Dakin Combats Parvovirus in Springfield
by Stacey Price
When the City of Springfield experienced an outbreak of parvovirus recently, Dakin Humane Society immediately put together a plan to vaccinate at-risk dogs in Springfield through a series of free vaccination clinics at its Union Street location.
Parvovirus is a viral disease that attacks the gastrointestinal systems of puppies and unvaccinated adult dogs. It is highly contagious and is transmitted through dog-to-dog contact, contact with contaminated canine stool, and contact with contaminated surfaces. The disease has a mortality rate of over 90% when left untreated, so Dakin staff and volunteers knew they needed to work quickly to help unvaccinated community dogs who would be vulnerable due to the outbreak.
On four consecutive Friday mornings (September 23 & 30, October 7 & 14), Dakin’s parking lots and building entrances were transformed into a drive-up parvovirus clinic. An efficient system mapped out the flow of vehicles, and the patients who would be brought to one of two treatment tables set up outside. Originally, the plan was to treat a maximum of 70 dogs weekly, but by the second clinic, the demand was staggering. Cars began arriving at 8am to secure their place in line for the clinic’s 10am opening, and additional vaccinations were given.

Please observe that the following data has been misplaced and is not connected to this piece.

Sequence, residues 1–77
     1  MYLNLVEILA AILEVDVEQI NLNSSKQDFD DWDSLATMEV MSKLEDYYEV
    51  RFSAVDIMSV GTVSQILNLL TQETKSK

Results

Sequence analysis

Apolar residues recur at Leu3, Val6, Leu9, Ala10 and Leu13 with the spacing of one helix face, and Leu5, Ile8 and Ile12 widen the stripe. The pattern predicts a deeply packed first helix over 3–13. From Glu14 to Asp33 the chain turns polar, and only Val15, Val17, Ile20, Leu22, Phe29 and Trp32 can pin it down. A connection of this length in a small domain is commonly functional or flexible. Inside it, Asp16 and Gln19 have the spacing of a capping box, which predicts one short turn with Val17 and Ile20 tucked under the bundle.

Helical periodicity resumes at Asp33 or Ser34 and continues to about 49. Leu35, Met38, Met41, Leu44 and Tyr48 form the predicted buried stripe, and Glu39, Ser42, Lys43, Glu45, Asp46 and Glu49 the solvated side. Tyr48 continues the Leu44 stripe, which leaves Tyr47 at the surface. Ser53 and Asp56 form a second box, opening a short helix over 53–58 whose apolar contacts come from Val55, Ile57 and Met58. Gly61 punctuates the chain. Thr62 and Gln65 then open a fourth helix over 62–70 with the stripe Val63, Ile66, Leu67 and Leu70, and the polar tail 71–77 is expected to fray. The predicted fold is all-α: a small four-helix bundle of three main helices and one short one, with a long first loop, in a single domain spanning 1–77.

One of the clinics’ many clients was Rylan, who brought his dog Tank in for treatment. He noted, "This is a great opportunity for people who have trouble getting to the vet in this community with parvo going around."
(Ryland and Tank)
Dakin’s Veterinary Services Manager Mary Jane McGuire stated, “It feels great to be able to help so many families in our immediate service area protect their beloved pets from this terrible virus. So much went into making this happen from so many different people. It takes a village, sometimes two!”
The final tally was impressive. Over 400 dogs were treated at the four Dakin clinics, as well as an additional 48 dogs at another clinic that was presented at American International College in-between the first two held at Dakin. Additionally, 18 dogs were treated at Dakin as outpatients for parvovirus.
These clinics were made possible in part by the Massachusetts Animal Fund, a program of The MA Department of Agriculture, as well as our community partners including Thomas J. O'Connor Animal Control and Adoption Center, and American International College. We are also grateful for Dakin’s many kind supporters!